Sculptor Jeffrey Wisniewski is known for dismantling an American colonial home and feeding it into a woodchipper, piece by piece, somewhat in the spirit of celebrated house-cutting artist Gordon Matta-Clark. He is also an art director for Steven Spielberg's new film The Adventures of Tintin and was assistant art director of Avatar.

Wisniewski's current work at Patrick Painter Inc blazes a pioneering path for the art world into motion capture-video, and blends the boundaries of what is art, what is video art, and what is commercial short-subject film. He enlisted Giant Studios, which worked on Avatar, to do the motion capture — a process in which an actor's movements are digitally recorded and then converted into animation.

Battle of the Buddha shows a Shrek-like deity who morphs into two Buddhas who stretch and grimace Sumo-style, throw down their robes, comically deliver fierce kicks to the groin and Hulk-like spins in the air, then meld back again into one floating gummy-bearish divine being. The six-minute film took years, with support from prestigious Artpace and more than 40 collaborators.

Here's our Q&A with Wisniewski:

How did you come to do this work after 15 years as an artist in New York City?

My friend [Oscar-winning cinematographer] Janusz Kaminski told me there was work out here in film. I visited an old friend, Thom Merrick, the artist, in Wonder Valley, which borders Joshua Tree, and bought a few broken-down houses on 20 acres that I turned into a studio.

Janusz set up a meeting for me with Rick Carter, Spielberg's production designer. One day as I was driving down the 101, he called and asked if I wanted to go to Budapest. The next week I was in Hungary working on Munich. Rick knew I was a sculptor and asked if I could help out building weird models [for] a small experiment Jim Cameron was working on. It turned out to be Avatar and I had become an expert in motion capture.

Rick told me I had to work on Tintin, because he wanted to be sure there was someone visual on the set.

What was the process on Battle of the Buddha? How much is your hand literally on the artwork? Did you work primarily as a conceptual artist?

I worked with Matthew Drutt of Artpace in San Antonio for two years. I then presented the project to Matt Madden of Giant Studios. I worked with a modeler, Lennon Montejo. Then we did the capture day with stuntmen, the guys at Giant and Mauro Fiore, the [director of photography] of Avatar and a lifelong collaborator and childhood friend who did the virtual camera.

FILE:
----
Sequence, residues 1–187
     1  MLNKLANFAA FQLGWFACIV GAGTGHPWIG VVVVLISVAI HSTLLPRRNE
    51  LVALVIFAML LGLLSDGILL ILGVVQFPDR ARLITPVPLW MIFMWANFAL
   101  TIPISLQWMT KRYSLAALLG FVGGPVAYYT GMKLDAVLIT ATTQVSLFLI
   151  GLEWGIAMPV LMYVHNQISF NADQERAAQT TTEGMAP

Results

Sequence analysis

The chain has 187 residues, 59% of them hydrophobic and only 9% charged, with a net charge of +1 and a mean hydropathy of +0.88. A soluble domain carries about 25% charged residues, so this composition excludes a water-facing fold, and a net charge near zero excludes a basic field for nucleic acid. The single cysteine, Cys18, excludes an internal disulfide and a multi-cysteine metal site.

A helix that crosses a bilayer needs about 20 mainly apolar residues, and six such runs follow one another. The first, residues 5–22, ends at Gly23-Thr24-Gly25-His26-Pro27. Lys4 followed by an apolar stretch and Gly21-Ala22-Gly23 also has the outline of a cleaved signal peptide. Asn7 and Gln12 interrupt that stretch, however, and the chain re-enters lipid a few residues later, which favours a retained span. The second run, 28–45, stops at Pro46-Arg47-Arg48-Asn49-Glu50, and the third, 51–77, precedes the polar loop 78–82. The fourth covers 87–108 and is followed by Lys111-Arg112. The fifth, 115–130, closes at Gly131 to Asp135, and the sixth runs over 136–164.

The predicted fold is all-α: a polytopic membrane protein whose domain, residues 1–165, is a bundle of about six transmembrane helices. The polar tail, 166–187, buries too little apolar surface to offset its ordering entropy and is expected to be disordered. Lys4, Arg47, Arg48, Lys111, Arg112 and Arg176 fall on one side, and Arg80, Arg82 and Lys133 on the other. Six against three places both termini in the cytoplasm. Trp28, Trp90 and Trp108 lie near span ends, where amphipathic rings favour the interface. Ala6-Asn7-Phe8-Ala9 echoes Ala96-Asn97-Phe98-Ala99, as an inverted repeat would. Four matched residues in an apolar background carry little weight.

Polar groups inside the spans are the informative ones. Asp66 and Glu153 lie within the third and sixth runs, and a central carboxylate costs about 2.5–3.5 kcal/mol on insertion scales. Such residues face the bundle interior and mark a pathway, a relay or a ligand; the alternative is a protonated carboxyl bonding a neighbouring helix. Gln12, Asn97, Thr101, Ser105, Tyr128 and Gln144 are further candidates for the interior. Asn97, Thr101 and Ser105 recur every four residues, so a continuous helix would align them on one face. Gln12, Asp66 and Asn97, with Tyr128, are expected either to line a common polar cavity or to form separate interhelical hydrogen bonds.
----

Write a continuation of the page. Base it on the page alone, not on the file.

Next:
Is there any connection with your acclaimed house-put-through-a-wood-chipper?

Yes. It was a classic American icon, a stereotypical dream home. There was a ghostly quality to it, a romantic nostalgia. The Buddhas are very similar in that the content is very loaded but simple.

Is there a good Buddha and a bad Buddha?

No, I think that was a mistake in the press release, there is a gold and a crimson one. I always thought of it as a communist and capitalist.

Mo-cap is getting huge in movies — there's a big push to get Andy Serkis considered for best actor in Rise of the Planet of the Apes.

Andy is great. He was Captain Haddock in Tintin. He went to school to be a painter. He deserves any award he gets.

How is your mo-cap different?

It's not different, it's the same.

Couldn't your artwork play in a major film festival as well as a gallery setting? How does the context change the work?

I have never entered it into a film festival. I would like to someday.

Do you think motion capture could become a viable process for video artists?

Yes, definitely. We use a technique called simulcam that can intermix with live action footage. The possibilities are endless. I think you will see a blend of art, film, and digital games — the technologies are here.

At what point will prices make mo-cap a truly popular art form for individual artists?

I think it is already here. On the set of Tintin, Steven Spielberg joked with Peter Jackson that we should make motion capture kits and sell them at Walmart.

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